Wednesday, July 28, 2010

Georgia Peach Cobbler

Dad and Sharmyn brought home a crate of white peaches on Sunday. They were soft and ripe and juicy, and so we needed to process them right away. Dad and I peeled and cut until we had a large bowl filled to the brim with sliced peaches. Many of them were turned into pie filling and frozen for further use. I also made Bellinis and this. But I knew that Georgia Peach Cobbler would be next. Maida's got a bunch of peach recipes, and this is the perfect time of year to make them. And I had the perfect opportunity: friends coming for dinner! My friend Karen and I walked several miles to work up an appetite, and then we fixed a giant feast involving rice and beans and enchiladas and pork loin. And peach cobbler.
This is a very strange recipe, I found. Generally cobbler involves fruit on the bottom and cake- or biscuit-like substance on top. But this recipe involves a very thick batter on the bottom, and then fruit, and then a LOT of syrup on top of that. It looked very scary going in the oven--I wish I had pictures. But eventually the syrup soaked in and some of the cake rose to the top and it all coalesced into a yummy cobbler.
I liked this but didn't love it. The peaches were very sweet, and with the standard Maida sweetness, the recipe came off as one-dimensional. I would add some lemon juice or use slightly less ripe peaches if I made this again. Karen liked the caramel-y taste of the brown sugar, and that was nice. She also made the suggestion that whipped cream, rather than ice cream, would make a good accompaniment for this cobbler.
I hope to make a bunch more cobbler-type recipes soon, so I can compare and find my favorite in the book. In the meantime, here's this recipe:

Georgia Peach Cobbler

2 lbs. peaches (ripe, but not too ripe), peeled and sliced (frozen are OK)
2/3 c. (4.5 oz.) brown sugar
1 T. (0.5 oz) butter
1-1/4 c. water (part lemon juice if your peaches are very sweet)

2 T. (1 oz.) butter, room temperature
1 T. baking powder
Pinch salt
1/2 t. vanilla
1/4 t. almond extract
2/3 c. (4.5 oz.) brown sugar
3/4 c. (6 oz.) milk
1-1/2 c. (6 oz.) sifted flour

Put the peaches, sugar, butter, and water in a medium saucepan and cook over medium heat until the mixture just barely comes to a boil. Set aside while you make the cake.
Heat the oven to 375; grease a 2-quart baking pan (or bigger--err on the side of too big). Also line a cookie sheet with foil and put the baking pan on it.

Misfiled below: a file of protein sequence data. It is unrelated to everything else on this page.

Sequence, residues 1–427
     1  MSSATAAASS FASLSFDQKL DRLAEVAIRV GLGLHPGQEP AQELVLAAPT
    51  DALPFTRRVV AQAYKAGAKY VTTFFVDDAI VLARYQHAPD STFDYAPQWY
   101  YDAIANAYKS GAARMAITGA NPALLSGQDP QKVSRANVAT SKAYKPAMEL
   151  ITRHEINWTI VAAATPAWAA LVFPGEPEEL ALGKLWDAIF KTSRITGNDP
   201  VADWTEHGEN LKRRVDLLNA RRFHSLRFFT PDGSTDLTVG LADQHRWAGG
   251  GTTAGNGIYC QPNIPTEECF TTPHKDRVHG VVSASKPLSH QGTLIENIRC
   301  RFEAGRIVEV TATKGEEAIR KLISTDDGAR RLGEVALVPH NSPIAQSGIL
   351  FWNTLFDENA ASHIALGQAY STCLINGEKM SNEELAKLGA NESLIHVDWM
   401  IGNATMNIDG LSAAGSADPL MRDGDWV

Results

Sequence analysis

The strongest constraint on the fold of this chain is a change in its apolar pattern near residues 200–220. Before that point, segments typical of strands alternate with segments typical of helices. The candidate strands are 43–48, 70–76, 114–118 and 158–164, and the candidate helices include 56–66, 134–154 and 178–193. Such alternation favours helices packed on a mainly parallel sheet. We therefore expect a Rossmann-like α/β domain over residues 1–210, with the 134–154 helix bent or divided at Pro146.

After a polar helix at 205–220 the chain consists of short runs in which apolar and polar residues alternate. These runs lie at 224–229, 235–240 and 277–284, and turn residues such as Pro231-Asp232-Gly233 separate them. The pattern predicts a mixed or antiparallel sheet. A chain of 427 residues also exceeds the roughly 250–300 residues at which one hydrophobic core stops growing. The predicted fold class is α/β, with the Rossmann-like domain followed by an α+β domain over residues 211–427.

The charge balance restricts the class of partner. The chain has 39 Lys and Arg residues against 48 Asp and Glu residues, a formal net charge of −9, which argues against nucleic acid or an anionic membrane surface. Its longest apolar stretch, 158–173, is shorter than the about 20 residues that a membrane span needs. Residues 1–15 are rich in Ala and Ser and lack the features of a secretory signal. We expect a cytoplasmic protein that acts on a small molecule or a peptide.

You can make the cake with a mixer or a food processor. Cream the butter with the baking powder and salt. Beat in the vanilla and almond extracts, and then sugar. The mixture should be pretty fluffy. On low speed (or in a few quick pulses), add half the milk, then half the flour, then the rest of the milk, and the remaining flour. Dollop the batter into the pan and spread it around--it will be thin. Scoop the peaches out of the syrup and spread them over the batter. Then very carefully pour in the syrup. It will come up to the top of the pan and you will be very worried about how this will all turn out. Keep the faith. Very carefully put the cookie sheet/baking pan in the oven and bake it for 20 minutes. Then reduce the heat to 325 and give it another 20-25 minutes. It's hard to test this for doneness, but it should be bubbly and the cake part should be golden brown. Serve this warm with ice cream or whipped cream and feel happy it's summer.

Tuesday, July 27, 2010

Brownie Cookies

Wow, Alicia was right! It's been a long time since I baked for this blog! Road trips are not conducive to baking and blogging, I find. But now I'm parked in Livermore for a while, so let the baking begin!
But this recipe is the last one I made in Pontlevoy. That was a good long time ago--probably about a month ago! I took pictures, but they're on Sami's laptop and not accessible to me. Oh well.
What do I remember about these cookies? They're ridiculously easy to make, and they're delicious. If you use the full amount of nuts, they really dominate the cookie. These cookies are very easy to eat, and fortunately they're also easy to give away. I gave some to Carole, the proprietress of Le Commerce, even though she wouldn't put on the Brazil-Portugal World Cup game for us to watch. I brought a bunch to a World Cup viewing party, where we watched the US go down to Ghana and consoled ourselves with wine, cheese, and brownie cookies.
These are certainly crisper than a brownie would be, but are still a fairly chewy cookie. Make them when you need a quick chocolate fix with just a bit more bite.

Brownie Cookies

2 0z. unsweetened chocolate
4 oz. semisweet chocolate (I used 2.5 oz. unsweetened and 3.5 oz. semisweet and had good results)
4 oz. (1 stick) butter
1/2 t. salt
1/2 t. vanilla
1 scant cup (6.5 oz.) sugar
2 large eggs
1-1/2 c. (6 oz.) sifted flour
6 oz. walnuts, in medium pieces (cut this down to about 4 if you want a less pronounced walnut presence)